4 Common Myths Debunked
Facebook. Amazon. Whole Foods. All of these startups changed the rules of the game for their industries. They represent what business guru Clayton Christensen calls "disruptive innovation" — new ventures that turn traditional business models upside-down. But do you have to be the next Mark Zuckerberg or John Mackey to call yourself an entrepreneur? Do you have to change the world to be considered successful?
No. That's a myth — one of several that scholar-practitioners like myself are working to debunk.
While there are a number of ways to classify businesses, entrepreneurship experts generally use three major categories. First, there are companies that cause disruptive innovation, either through technology (like Facebook and Nest) or a new business model (like Zappos). The companies that successfully commercialize these types of innovations may ultimately be worth millions or even billions of dollars.
Next, there are salary-substitute ventures. These are started by entrepreneurs who want to build their own companies, not necessarily to sell them or take them public, but to be their own bosses. Consider Amy's Ice Cream in Central Texas, a 30-year-old company with annual revenues of more than $6.5 million, 15 stores and 200 employees. Founder Amy Simmons has long said her goal is to build a 100-year-old company, and she wants to run it as long as she is having fun. Local employers like Simmons are often capital-efficient job creators that are good for the economy. Her interest goes beyond the tubs of Mexican Vanilla she is famous for — she wants to give value to her community.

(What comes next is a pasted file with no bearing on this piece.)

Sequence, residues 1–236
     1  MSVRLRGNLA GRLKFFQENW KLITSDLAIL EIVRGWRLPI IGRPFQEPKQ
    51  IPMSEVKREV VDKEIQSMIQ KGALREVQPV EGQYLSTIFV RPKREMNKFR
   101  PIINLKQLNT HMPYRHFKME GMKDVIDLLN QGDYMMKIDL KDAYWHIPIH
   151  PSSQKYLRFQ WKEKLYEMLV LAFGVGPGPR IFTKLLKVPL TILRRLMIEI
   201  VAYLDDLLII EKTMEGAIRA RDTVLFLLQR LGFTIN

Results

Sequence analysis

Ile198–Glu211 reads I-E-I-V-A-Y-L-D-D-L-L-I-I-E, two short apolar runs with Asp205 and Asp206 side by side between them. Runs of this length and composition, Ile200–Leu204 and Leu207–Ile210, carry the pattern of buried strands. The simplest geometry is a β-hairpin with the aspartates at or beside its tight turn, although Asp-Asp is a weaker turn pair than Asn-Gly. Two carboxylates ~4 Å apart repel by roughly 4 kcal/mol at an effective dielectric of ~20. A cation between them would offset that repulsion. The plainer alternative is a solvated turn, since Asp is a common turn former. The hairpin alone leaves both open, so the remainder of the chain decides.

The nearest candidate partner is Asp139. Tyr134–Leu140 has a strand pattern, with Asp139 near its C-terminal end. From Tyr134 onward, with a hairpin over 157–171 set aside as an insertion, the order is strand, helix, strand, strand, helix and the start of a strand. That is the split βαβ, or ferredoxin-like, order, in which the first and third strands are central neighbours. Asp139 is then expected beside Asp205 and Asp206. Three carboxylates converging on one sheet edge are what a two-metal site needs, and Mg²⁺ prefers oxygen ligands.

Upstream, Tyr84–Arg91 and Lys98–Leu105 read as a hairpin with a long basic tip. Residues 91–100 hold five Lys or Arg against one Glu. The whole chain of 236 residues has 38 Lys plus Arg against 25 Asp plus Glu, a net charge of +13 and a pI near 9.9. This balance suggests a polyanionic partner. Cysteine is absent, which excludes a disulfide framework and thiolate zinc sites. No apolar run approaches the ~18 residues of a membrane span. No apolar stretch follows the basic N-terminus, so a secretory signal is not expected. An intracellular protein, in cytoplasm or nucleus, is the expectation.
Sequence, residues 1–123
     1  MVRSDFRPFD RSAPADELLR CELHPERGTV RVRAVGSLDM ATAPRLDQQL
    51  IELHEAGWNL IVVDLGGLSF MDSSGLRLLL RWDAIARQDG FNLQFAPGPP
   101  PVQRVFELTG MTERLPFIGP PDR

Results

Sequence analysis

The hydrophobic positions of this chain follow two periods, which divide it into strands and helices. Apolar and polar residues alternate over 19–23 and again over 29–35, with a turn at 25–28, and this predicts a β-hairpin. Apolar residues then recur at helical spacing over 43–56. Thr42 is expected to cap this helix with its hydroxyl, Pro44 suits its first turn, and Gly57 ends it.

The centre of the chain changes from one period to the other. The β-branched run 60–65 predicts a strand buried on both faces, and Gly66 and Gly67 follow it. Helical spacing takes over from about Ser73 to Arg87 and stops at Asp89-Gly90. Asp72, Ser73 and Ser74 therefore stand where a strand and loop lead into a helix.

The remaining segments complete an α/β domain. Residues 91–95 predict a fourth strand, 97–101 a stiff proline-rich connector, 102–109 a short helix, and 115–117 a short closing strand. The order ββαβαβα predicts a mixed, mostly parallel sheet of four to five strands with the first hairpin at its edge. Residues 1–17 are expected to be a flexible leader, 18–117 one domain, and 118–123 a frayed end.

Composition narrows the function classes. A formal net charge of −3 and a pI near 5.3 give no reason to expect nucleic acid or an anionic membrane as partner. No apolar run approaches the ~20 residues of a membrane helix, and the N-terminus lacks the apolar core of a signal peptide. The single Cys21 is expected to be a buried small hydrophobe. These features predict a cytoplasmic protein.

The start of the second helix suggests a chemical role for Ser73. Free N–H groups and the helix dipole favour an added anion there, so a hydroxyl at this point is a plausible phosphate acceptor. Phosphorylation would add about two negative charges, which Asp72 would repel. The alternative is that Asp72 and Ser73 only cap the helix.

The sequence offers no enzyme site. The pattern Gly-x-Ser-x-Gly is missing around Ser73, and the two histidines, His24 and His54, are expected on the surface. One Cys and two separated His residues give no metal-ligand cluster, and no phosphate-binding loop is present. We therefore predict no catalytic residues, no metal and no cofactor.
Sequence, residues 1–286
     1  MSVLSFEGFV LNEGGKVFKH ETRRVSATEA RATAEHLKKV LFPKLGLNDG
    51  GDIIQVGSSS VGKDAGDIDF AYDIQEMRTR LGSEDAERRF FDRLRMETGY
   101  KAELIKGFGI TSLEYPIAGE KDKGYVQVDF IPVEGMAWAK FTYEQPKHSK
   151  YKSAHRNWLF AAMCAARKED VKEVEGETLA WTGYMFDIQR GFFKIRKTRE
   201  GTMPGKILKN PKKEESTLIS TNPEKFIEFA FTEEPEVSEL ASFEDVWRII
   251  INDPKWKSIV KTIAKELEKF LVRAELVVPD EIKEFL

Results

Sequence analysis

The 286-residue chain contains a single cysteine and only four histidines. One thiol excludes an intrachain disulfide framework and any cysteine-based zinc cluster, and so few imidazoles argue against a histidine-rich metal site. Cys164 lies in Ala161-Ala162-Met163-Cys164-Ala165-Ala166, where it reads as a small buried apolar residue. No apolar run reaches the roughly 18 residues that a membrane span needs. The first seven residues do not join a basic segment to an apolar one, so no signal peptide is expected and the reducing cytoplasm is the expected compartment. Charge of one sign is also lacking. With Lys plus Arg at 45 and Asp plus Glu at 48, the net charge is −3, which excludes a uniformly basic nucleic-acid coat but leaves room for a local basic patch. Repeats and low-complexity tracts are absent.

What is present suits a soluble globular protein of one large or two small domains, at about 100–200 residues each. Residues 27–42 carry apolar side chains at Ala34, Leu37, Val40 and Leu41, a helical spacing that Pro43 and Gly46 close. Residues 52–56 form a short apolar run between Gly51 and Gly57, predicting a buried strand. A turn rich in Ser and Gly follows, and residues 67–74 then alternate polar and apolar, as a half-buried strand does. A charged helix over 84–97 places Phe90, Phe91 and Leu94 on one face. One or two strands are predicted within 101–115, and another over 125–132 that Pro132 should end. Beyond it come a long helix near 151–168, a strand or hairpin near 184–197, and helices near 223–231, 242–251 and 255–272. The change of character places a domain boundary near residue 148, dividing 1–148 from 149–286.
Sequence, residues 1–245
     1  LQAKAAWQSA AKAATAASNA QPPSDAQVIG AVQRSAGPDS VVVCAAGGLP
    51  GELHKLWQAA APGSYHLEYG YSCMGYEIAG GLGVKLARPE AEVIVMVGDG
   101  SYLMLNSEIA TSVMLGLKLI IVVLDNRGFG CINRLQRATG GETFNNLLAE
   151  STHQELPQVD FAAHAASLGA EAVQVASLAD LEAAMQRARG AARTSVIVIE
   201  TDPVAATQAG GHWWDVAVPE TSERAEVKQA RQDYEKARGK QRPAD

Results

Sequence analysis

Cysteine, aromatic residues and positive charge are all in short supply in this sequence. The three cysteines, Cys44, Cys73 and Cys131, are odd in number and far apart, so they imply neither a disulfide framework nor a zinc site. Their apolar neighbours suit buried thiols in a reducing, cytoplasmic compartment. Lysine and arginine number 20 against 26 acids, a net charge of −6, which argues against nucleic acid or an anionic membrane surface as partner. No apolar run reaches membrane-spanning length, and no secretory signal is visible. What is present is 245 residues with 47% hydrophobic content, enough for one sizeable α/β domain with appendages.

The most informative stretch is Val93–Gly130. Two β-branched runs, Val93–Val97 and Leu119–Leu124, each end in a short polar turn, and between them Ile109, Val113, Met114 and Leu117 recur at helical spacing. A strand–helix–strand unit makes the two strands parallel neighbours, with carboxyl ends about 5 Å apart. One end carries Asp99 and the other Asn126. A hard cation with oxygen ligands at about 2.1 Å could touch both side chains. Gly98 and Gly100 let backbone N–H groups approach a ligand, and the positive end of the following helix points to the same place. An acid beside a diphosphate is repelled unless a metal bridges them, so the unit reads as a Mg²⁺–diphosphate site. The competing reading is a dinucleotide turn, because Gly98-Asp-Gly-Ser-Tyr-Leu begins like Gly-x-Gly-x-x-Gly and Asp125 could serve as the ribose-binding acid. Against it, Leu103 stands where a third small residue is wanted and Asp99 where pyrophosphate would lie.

Last, there are lifestyle ventures founded by people who are passionate about something, like a biker starting a cycling shop or a photographer launching a studio. These businesses can be social, local or even global in reach, as long as they support the founder's passion. Guerin Rife, for example, who started Rife Golf and whose putters are frequently used by PGA tour golfers, sold his company in 2011. But two years later, he launched Guerin Design Putter Company. Clearly, he is driven by his passion, rather than business-model or technology innovation.